What will you be doing today on Independence Day? If you are like many Americans, fireworks will be involved. Maybe you will have burgers, potato salad, and Jell-o shaped like an American flag. At any rate, you will likely be celebrating. Sometimes I wonder if we really give much thought to what we are celebrating on July 4th. None of the Founding Fathers or soldiers who fought hard to gain our independence are alive today to tell us the difficulties they faced. Those of us born in the latter 20th or early 21st century (though I hope no one born in the 21st century is currently contemplating marriage ~smile~) may appreciate our freedom, but do we really understand what it means to be free? Do we really understand how easily it can be lost?
Imagine: just a few different historical decisions made and America would never have existed. Which then is amazing how close many of us came to never existing – this shows the handiwork of God and His perfect timing. John Adams, America’s second President – and one of the most influential of our Founding Fathers – said, “But a constitution of government once changed from freedom, can never be restored. Liberty, once lost, is lost forever.”
When it comes to taking liberty for granted, I am one of the guiltiest. Freedom has always seemed like a part of me… something that followed me… something I somehow inherently deserved. However, after studying history and other parts of the world, I realize how truly blessed I am to be the descendent of those who fought with their very lives to engender American freedom. I don’t deserve freedom; it was purchased with the blood of my ancestors.
The Founding Fathers were not only thinking of themselves when they put everything on the line for independence. They were thinking of the generations to come and they wanted their children and their children’s children to enjoy the freedom to pursue their own dreams and their own religious convictions. In another quote by John Adam, he said “I must study politics and war that my sons may have liberty to study mathematics and philosophy. My sons ought to study mathematics and philosophy, geography, natural history, naval architecture, navigation, commerce, and agriculture, in order to give their children a right to study painting, poetry, music, architecture, statuary, tapestry, and porcelain.”
As you contemplate marriage, you likely have a list of important things to consider in a spouse: how to speak to each other, how to remain loving in the midst of hardships, how often you both pray for each other. As we celebrate our nation’s independence, I would like to present you with another important thing to add to your list as you enter marriage: how often you pray for our country, its President, congress, and other leaders.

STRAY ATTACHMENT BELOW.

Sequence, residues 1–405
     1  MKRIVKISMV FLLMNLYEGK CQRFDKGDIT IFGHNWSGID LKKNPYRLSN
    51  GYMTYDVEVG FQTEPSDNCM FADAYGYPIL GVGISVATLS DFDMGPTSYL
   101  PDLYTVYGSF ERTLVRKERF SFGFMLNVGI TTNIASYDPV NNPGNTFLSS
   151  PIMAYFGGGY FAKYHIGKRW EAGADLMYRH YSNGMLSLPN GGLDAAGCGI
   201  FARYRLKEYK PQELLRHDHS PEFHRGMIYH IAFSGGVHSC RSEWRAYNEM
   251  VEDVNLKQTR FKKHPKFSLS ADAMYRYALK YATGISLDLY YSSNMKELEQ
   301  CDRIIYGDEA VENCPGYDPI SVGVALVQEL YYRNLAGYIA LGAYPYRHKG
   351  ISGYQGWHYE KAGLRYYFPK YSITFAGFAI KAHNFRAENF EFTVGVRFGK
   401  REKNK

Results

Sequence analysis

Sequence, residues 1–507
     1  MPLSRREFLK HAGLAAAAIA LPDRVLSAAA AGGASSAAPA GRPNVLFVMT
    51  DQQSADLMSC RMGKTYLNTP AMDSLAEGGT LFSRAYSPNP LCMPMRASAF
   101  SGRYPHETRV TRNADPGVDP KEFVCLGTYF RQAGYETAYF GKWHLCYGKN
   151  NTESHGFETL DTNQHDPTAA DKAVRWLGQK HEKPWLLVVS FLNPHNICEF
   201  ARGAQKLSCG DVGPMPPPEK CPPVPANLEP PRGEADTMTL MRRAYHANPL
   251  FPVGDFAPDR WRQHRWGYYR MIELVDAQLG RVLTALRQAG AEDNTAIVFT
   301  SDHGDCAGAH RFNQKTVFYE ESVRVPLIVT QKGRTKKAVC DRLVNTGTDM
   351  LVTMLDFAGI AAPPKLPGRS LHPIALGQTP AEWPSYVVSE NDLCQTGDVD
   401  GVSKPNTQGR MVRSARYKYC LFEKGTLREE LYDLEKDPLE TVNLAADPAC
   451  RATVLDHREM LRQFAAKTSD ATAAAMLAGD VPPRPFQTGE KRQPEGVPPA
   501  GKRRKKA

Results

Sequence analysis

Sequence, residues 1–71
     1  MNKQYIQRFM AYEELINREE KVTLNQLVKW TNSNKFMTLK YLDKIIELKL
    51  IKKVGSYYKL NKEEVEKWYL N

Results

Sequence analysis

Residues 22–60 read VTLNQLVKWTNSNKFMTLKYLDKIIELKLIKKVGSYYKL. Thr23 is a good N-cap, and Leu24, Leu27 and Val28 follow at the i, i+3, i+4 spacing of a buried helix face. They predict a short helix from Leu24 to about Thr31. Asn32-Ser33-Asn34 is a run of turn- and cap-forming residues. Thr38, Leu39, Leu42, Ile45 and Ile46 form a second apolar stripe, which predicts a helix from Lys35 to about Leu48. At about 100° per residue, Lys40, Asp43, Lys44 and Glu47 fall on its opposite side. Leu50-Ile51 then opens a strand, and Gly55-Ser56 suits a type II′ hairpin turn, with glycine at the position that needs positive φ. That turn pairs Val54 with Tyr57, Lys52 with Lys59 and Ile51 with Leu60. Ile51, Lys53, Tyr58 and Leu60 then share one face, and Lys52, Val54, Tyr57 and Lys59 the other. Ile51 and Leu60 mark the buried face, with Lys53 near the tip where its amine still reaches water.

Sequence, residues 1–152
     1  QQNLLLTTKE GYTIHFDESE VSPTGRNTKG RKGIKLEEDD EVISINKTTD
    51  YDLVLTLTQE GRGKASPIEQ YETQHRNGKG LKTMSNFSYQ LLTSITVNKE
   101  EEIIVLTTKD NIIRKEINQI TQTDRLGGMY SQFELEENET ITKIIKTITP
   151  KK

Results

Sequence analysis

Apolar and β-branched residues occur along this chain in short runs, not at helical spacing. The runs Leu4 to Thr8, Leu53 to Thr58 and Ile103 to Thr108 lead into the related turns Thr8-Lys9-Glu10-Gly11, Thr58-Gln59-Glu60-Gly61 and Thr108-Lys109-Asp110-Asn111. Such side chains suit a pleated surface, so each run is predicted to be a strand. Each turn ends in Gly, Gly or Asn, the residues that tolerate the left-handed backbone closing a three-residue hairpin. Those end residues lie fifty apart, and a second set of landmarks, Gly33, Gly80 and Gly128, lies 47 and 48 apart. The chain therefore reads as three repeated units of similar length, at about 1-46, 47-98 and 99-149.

I hear the plea to pray for our nation often, but if you are like me, you are quick to brush it aside as if it is a trite saying; however, the way our world is changing, it is so important to lift our country up to Heaven in prayer. What happens to our country will affect us, our marriages, our children, and the freedom we have to practice our faith. Our leaders, no matter how much you may disagree with them, need you to lift them up in prayer (I Timothy 2:1-3). Their decisions will affect us and God is big enough to influence and guide even the most stubborn of politicians – He changed Pharaoh’s heart. When we are faithful in praying for our leaders, it is American patriotism at its finest.
I sincerely hope you enjoy your Fourth of July celebration with family and friends. In the midst of celebration, let me challenge you to take some time today to remember why we are celebrating. Spend some time thanking God for His provision of this land for us and ask for His grace and blessings on our country. You may even want to take a few minutes and brush up on some American history.
I’ll end today’s post with one last quote from John Adams. After spending many years away from his family in order to fight for our independence, he said, “Oh posterity, you will never know how much it cost us to preserve your freedom. I hope that you will make a good use of it. If you do not, I shall repent in heaven that I ever took half the pains, to preserve it.” Never forget that your freedom was not free.
Amidst the hotdogs, lemonade, and fireworks, have you taken the time to reflect on the Fourth of July?
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